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The condition of the core business is the central character in all the dramas concerning adjacency moves. Even the most attractive growth opportunity can turn unattractive, unrealistic, or even destructive when bolted onto the wrong core business, or onto the right business at the wrong time.

Core businesses differ widely in their abilities to support a major new growth initiative. The three critical dimensions along which they vary are competitive position, market dynamics, and financial performance. It is critical to understand exactly how your core business is positioned along the dimensions in this simple matrix.

Carter's
Full potential through the power of fewer things
AmBev
Choosing the right path
Most companies participate in many businesses, though one or two dominant cores usually deliver the true economic profit. These strong cores are often surrounded by weaker positions that have their own adjacency opportunities. If you have a portfolio of businesses, it is critical to have a common framework like the axes of the matrix and a clear point of view on the relative position of each of the different cores. The odds of adjacency success vary so much by position in the matrix that this should be a precondition of decisions to fund new growth initiatives.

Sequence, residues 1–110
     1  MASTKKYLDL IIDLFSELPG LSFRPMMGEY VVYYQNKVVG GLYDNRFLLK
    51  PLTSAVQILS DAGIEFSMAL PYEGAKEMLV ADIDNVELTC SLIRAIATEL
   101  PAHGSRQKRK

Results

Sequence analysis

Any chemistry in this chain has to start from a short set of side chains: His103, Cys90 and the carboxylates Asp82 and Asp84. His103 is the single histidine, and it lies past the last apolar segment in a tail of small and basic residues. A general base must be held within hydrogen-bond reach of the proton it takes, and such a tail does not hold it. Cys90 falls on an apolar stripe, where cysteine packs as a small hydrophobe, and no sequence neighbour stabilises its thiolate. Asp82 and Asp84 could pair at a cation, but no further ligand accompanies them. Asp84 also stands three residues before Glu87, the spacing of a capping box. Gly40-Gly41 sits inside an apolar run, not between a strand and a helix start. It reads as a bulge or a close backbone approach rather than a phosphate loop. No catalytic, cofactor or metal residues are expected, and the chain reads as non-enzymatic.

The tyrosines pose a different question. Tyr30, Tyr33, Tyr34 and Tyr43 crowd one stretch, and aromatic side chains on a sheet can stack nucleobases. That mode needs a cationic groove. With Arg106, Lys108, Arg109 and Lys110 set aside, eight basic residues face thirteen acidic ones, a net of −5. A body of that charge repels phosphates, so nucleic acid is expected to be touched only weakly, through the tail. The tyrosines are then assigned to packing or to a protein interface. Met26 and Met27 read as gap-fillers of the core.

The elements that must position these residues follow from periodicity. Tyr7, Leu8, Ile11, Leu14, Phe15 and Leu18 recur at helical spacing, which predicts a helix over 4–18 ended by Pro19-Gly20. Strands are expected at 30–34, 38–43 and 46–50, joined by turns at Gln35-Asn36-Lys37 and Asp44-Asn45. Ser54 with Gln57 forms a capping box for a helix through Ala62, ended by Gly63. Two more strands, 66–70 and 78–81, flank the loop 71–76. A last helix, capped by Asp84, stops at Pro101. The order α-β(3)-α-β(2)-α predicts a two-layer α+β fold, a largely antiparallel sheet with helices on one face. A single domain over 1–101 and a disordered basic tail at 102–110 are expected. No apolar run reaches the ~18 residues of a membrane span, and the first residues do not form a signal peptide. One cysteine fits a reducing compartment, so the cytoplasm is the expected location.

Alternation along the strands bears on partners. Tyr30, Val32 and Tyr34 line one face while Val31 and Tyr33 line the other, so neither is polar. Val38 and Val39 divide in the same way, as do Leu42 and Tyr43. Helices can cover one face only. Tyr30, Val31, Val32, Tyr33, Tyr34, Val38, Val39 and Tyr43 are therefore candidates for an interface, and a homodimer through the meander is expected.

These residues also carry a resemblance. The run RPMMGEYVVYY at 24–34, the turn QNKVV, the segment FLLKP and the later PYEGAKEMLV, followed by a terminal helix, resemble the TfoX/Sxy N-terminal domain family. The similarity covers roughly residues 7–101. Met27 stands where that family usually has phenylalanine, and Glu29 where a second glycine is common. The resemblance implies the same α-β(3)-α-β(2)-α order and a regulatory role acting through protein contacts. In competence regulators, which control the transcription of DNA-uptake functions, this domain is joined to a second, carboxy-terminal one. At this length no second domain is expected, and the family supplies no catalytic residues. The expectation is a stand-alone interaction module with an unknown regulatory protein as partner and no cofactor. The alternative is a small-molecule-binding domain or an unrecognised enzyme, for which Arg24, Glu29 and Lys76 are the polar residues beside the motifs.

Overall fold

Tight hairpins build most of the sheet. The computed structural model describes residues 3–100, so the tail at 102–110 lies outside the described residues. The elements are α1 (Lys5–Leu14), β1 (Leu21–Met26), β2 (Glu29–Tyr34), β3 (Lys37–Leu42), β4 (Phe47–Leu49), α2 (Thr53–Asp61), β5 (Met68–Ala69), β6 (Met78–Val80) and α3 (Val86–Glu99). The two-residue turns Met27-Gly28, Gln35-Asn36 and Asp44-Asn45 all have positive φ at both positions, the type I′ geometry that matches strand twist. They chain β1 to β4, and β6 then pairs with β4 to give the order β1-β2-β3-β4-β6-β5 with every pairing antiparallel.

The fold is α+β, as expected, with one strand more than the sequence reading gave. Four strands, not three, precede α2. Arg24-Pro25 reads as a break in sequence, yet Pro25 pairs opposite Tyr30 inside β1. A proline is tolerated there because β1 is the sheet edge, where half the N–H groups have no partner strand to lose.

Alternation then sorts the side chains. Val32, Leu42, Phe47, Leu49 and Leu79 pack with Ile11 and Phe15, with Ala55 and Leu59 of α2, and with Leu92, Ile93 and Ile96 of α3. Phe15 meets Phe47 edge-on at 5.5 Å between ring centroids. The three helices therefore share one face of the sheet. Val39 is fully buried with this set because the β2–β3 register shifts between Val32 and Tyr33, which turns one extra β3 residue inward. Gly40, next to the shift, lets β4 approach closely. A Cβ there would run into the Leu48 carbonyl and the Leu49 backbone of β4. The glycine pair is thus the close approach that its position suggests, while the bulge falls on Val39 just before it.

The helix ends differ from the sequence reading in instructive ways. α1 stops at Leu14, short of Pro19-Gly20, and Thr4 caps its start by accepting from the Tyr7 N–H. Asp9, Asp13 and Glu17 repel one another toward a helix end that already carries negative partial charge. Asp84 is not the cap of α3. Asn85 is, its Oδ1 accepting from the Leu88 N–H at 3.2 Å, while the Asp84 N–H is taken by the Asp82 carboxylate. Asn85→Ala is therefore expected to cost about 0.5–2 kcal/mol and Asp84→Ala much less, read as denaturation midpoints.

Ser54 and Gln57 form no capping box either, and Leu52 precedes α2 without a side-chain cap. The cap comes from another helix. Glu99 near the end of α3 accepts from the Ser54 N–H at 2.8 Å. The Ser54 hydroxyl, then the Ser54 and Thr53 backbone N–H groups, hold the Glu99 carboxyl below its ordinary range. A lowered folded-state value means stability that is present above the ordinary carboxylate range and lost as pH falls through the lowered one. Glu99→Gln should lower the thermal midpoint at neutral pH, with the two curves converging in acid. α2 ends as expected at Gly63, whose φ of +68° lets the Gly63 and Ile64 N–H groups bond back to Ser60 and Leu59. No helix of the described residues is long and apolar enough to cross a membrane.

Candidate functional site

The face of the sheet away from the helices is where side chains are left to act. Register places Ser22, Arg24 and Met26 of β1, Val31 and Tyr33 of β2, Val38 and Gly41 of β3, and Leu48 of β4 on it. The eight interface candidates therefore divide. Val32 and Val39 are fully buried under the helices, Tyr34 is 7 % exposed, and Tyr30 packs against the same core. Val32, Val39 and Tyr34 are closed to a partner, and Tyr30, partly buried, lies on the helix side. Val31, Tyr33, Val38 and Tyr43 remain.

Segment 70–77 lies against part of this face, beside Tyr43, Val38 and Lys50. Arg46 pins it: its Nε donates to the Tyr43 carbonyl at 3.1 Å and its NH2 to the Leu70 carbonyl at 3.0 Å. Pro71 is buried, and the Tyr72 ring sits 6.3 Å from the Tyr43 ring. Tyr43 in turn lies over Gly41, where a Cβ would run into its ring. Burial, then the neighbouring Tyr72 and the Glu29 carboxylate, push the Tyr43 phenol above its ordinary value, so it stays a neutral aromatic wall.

When looking at the mass of examples, interviews and statistical analysis of success, a few universal laws of gravity emerge:
  1. Major adjacency moves are virtually never the salvation for a very weak core in a distant follower competitive position.
  2. For followers, the most viable paths to the creation of value entail consolidating with a competitor or finding deep within the business a strong, profitable core where the principles of full potential and adjacency expansion can be applied. In a sense, "shrinking to grow."
  3. Adjacency moves are critical to the survival of businesses with a melting core.
  4. Businesses that have a strong core but are severely underperforming operationally and financially should almost always work on attaining full potential of the core first.
  5. Businesses that have a strong core or a strong leadership position, but are close to full potential are probably entering a phase in which the quality of their adjacency moves will shape their future
  6. Companies with a portfolio of core businesses should ask themselves whether they are defining the boundaries of those cores correctly, whether they really understand the competitive position of each business, and where each fits in the positional matrix.
   
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